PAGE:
The Paradox of Negative Emotions
Updated: Sep 29, 2020
Negative emotions have the potential to limit our effectiveness. Frustration, disappointment, and fear can paralyze our performance, while resentment, guilt and anger can stifle relationships. When often learn to ignore, deny and mask these feelings. Sometimes we learn
this so well, we lose the capability of experiencing them. When we suppress intense negative emotions over long periods of time, we become emotionally exhausted. Flatness settles over us like a veil, masking all feelings. No joy, no hope, no peace. Feeling negative feelings empowers us to more effectively feel positive emotions. Three strategies that can initiate this process include mindfulness, emotional intelligence and cognitive reframing. Mindfulness is a willingness to observe – even that which is uncomfortable. “How do I feel right now?” is a simple start to the process. Am I Exhausted? Agitated? Furious? Apathetic? Mindfulness demands that we answer honestly- without judgement- no matter what the answer. Practicing mindfulness on emotions increases our ability to recognize our feelings. (the Mood meter app @ www.moodmeterapp.com can guide us to address this process daily) Emotional Intelligence (EI) is a process that moves us beyond labeling the emotion and includes understanding and expressing emotions in a healthy manner. Emotions are human responses to stimuli – which may be real or imagined. Many intense negative feelings are actually the result of an experience that occurred in the past (triggered by what is currently occurring). The saying, “The only thing to fear is fear itself” is accurate, as it describes a flooding of physiologic responses that occur when the “fear” response is reactivated. For example, after an accident, argument or negative encounter of any sort, the amygdala portion of our brains store negative memories in order to quickly reactivates them in similar experiences. This fight or flight response is an evolutionary survival skill, but on a daily basis, an overactive amygdala turns a nonthreatening situation into a debilitating one. Understanding the stimuli that activated our emotions comes when we repetitively asking ourselves WHY we are feeling that way? WHY? WHY? WHY? WHY? WHY? (just like a two-year old) The root-cause of feelings can help explain and process what is often a normal human response. Emotional intelligence increases our ability to tolerate our feelings. Cognitive Reframing is seeing an issue with a new lens. Viewing negative emotions as normal human physiologic responses, diminishes their power over us. Try saying “this is normal” the next time you feel: grief over the loss of something or someone- “this is normal”, fear of an upcoming test or a speaking engagement publicly- “this is normal”, or anxiety after a confrontation with a coworker or family member- “this is normal”. Reframing our thoughts diminishes the cycle of stress and permits us to normalize daily situations and feel our feelings. Cognitive reframing allows us to accept all of our feelings. Mindfulness, emotional intelligence and cognitive reframing are tools everyone can use to overcome the paradox of negative emotions. Observing, understanding and embracing our broad spectrum of emotions allows us to fully experience our greatest gift – the gift of being human.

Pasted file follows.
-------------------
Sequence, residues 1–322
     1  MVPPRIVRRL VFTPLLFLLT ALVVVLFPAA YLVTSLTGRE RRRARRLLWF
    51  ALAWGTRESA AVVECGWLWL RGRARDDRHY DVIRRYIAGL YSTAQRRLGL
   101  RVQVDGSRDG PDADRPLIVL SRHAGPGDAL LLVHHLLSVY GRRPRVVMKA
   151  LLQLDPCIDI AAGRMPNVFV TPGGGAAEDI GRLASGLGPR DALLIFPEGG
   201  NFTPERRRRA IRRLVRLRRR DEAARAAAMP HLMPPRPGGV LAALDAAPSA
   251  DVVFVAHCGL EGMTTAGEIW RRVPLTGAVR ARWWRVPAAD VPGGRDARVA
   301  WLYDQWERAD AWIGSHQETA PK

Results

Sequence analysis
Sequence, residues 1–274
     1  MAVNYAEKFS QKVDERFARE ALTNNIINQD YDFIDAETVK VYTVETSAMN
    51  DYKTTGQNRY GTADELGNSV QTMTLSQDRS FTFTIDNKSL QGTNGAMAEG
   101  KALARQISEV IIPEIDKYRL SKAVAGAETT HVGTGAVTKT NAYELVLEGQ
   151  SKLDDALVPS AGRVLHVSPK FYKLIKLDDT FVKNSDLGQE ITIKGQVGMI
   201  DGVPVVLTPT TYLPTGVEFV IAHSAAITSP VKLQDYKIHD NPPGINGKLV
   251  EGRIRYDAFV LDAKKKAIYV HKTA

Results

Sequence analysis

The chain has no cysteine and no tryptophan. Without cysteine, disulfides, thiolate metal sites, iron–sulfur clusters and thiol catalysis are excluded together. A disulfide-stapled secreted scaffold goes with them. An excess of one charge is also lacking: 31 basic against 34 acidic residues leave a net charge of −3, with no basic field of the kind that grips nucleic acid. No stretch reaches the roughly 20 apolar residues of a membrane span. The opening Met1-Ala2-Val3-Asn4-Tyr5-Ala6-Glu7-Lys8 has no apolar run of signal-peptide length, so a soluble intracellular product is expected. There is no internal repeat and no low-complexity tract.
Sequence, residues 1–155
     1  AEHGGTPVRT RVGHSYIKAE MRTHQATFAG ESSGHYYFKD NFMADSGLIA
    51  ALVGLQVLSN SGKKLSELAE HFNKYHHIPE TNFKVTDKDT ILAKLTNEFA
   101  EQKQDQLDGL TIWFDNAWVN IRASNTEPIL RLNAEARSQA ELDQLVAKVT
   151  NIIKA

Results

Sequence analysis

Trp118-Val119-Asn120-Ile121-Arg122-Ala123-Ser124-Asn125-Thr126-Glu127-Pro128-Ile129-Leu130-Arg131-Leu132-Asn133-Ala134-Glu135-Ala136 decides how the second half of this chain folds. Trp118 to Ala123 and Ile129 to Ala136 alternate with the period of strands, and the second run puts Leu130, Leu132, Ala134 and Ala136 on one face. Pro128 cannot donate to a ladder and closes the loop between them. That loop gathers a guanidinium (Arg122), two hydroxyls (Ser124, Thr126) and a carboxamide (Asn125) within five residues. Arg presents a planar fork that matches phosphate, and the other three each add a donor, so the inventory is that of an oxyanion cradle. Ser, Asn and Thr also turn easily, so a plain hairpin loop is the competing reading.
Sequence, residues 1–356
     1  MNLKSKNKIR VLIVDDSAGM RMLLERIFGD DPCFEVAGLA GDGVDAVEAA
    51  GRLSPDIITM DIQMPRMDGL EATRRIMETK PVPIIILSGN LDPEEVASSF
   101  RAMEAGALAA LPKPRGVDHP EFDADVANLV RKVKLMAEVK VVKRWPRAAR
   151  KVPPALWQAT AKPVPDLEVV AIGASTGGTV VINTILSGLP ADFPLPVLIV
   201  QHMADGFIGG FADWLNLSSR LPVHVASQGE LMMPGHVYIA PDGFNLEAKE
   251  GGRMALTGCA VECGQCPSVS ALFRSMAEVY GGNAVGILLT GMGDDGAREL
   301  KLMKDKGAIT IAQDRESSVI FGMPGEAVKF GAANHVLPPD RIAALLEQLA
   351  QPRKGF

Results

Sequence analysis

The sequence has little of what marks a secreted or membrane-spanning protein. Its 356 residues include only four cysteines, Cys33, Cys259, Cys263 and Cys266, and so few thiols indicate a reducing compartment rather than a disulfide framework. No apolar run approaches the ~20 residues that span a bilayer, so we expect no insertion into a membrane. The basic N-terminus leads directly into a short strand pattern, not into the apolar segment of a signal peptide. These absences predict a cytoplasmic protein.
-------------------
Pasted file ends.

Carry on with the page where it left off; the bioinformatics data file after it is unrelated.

Catherine Florio Pipas March 2019